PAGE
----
Jeffrey D Morton

From acting as a trusted IP counsel to providing strategic advice on the latest life sciences developments, you offer a wide range of expertise. Which aspect of your work do you enjoy most and why?

I particularly enjoy developing high-level IP strategy for clients and negotiating IP agreements. On the latter point, I have always been cognisant of good advice that I received early on in my career to ensure that the attorney does not get in the way of finalising the deal. While an IP attorney clearly needs to provide their client with sound advice, I am always happy when I get to work with a like-minded attorney and a deal can be negotiated efficiently and to everyone’s benefit.

As founding partner of Snell & Wilmer’s San Diego office, what does inspirational leadership mean to you?

I believe that it mainly comes down to inspiring each member of our team to be empowered to pursue their individual goals and ambitions, while encouraging that such goals are aligned to serve the greater good of our office and firm. No one person has all of the answers, and the team that we have assembled and continue to grow in San Diego is a collection of motivated, bright and progressive voices. Often, effective leadership equates with getting out of the way and breaking down roadblocks for very talented people to flourish.

How have client demands changed over the last 10 years and how has your practice developed to meet these?

There is undoubtedly a heightened sense of needing to deliver outstanding value to clients. I have also found that there continues to be a real and growing need for directly providing practical and timely advice. Many of the clients that I have had the pleasure of working with for the last 15 years know that they can always reach me directly at any time for an answer to their legal questions.

What developments in life sciences and biotech are having the biggest impact on your clients right now?

Among many issues, one that a number of our clients are dealing with right now is obtaining broad patent coverage for antibodies. For example, there is a significant difference in the patent laws of the US and Europe that affects the disclosure requirements necessary to obtain broad patent coverage in these key life science jurisdictions. You need to have an international view in order to successfully navigate this area when preparing and prosecuting these valuable patent applications.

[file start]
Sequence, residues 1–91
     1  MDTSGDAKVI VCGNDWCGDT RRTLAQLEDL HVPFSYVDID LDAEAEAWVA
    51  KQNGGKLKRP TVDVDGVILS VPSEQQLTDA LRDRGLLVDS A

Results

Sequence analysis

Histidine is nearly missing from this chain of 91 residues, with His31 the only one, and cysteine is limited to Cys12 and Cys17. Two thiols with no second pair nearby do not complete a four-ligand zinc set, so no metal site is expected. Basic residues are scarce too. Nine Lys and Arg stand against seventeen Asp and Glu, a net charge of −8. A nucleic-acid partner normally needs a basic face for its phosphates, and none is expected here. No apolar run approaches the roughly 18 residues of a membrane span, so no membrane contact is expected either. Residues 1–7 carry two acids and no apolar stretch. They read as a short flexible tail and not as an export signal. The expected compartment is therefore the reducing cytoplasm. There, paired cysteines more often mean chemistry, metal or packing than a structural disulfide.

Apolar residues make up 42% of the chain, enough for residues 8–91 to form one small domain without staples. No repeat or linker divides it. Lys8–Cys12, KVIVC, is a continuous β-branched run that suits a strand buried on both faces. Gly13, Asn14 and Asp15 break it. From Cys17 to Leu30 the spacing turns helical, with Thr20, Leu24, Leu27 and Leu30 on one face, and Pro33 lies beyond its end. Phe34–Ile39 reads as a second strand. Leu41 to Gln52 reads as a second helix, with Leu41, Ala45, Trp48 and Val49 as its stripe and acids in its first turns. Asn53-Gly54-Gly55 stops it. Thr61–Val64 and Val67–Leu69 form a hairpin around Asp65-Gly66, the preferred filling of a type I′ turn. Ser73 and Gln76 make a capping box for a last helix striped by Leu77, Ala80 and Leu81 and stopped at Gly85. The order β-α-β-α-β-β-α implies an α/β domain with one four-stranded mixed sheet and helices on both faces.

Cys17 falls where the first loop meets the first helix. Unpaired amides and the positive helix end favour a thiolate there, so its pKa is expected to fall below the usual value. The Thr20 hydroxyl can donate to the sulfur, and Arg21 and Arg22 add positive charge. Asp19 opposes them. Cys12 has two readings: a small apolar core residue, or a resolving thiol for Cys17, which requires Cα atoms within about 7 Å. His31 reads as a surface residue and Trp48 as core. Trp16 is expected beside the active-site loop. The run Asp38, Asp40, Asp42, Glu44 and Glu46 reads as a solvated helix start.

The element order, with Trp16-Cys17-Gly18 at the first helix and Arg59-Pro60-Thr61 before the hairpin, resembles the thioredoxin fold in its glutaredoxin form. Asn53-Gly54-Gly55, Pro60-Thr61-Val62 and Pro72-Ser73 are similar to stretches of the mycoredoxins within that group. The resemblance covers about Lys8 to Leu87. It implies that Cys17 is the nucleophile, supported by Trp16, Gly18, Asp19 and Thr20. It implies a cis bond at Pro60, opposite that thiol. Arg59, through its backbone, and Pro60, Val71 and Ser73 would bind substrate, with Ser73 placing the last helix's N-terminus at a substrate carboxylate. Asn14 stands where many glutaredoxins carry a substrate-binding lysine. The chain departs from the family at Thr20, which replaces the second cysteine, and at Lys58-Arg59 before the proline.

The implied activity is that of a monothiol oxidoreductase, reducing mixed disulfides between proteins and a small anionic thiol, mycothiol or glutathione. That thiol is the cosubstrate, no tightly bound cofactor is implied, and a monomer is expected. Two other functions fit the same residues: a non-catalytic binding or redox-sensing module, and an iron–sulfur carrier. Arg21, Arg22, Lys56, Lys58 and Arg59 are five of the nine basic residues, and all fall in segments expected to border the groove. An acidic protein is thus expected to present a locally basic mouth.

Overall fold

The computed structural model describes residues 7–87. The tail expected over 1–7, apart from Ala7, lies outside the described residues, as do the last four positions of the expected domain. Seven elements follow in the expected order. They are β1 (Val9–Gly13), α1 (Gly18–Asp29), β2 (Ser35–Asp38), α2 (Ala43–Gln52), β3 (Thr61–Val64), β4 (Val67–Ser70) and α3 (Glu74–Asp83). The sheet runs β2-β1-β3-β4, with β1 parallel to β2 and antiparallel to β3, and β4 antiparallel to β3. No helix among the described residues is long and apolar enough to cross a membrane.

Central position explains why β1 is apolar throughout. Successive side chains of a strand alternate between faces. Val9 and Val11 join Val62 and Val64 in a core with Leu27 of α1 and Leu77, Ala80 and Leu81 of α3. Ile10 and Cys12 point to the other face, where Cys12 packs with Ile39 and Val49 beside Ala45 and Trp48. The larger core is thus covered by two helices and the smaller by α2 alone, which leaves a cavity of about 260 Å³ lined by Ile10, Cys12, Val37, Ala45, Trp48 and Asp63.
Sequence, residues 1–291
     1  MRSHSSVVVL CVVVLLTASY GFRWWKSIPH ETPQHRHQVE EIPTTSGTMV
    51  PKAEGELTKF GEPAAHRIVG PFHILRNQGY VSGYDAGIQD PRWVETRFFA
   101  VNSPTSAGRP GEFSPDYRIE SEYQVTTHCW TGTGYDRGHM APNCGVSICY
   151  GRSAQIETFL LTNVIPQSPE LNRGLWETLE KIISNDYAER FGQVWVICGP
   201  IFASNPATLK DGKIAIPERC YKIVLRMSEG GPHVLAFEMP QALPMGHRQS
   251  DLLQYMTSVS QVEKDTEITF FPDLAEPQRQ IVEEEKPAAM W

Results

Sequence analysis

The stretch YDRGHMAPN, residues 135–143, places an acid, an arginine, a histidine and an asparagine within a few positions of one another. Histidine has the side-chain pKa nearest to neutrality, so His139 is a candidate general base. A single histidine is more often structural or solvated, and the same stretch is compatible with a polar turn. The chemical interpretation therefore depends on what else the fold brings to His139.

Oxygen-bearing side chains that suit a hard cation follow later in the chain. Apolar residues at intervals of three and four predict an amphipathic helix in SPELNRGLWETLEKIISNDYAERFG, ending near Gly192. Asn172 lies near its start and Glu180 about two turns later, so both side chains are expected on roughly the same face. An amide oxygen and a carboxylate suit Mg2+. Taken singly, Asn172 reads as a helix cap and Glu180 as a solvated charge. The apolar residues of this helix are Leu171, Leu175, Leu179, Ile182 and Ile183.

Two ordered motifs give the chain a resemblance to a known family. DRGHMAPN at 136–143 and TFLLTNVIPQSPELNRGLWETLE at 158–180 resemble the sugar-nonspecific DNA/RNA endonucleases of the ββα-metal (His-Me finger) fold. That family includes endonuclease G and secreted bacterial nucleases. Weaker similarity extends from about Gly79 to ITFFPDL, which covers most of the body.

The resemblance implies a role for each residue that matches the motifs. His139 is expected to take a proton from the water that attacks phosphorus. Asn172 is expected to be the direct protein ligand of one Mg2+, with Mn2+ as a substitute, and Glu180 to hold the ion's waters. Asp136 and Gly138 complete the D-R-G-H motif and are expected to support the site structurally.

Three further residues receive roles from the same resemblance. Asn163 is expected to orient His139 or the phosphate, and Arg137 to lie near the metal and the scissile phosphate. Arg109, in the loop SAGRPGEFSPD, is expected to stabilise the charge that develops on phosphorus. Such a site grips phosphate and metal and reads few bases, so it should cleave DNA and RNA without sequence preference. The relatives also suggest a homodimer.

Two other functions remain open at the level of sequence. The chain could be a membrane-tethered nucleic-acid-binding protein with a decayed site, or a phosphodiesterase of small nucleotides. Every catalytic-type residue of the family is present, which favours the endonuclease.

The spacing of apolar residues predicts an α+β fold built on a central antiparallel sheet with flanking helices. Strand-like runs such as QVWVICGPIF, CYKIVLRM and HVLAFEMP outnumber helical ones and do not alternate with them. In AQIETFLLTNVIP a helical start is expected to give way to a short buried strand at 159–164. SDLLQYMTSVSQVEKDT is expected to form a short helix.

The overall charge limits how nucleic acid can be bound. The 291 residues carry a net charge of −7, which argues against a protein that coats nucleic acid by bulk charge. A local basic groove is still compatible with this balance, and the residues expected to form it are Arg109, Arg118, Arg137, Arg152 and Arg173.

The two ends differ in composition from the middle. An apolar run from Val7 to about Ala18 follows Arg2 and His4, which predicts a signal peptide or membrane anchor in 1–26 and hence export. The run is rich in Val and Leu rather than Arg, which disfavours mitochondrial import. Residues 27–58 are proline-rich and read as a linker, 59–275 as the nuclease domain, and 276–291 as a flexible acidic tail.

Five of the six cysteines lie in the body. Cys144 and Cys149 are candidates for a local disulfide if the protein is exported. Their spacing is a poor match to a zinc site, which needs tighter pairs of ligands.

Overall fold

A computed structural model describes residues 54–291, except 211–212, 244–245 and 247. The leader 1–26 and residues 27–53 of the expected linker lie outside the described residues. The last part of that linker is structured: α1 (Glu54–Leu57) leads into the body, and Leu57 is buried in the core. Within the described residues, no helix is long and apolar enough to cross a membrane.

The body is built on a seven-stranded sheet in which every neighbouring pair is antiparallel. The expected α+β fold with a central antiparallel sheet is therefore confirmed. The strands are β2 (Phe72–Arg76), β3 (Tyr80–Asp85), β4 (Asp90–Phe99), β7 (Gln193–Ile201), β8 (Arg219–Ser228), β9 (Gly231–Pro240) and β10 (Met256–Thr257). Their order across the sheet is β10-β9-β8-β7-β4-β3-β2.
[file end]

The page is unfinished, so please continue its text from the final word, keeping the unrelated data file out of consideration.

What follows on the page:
What are your top recommendations for building a truly international IP strategy?

Working with progressive and thoughtful foreign IP practitioners really helps me to maintain a focus on international considerations in the course of planning and implementing IP strategy for our clients. Beyond that, I think that it is very important to develop a mindset that appreciates the truly global nature of the legal business. I am fortunate to work with clients from all over the world and – as a result – I do not limit my client network to San Diego or, for that matter, US-based clientele.

Jeffrey D Morton

Partner, Chair of Life Sciences and Medical  Technology Industry Group & Co-Chair of Technology Industry Group
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Jeff Morton has over 15 years’ experience representing start-up and large enterprises on their IP, technology and commercial law needs. He has significant patent prosecution and strategic patent counselling experience in a wide range of technologies and maintains an active trademark and transactional practice. Having been called to the bar both in the United States and Canada, Dr Morton provides cross-border advice to Canadian clients operating in the United States, and vice versa.

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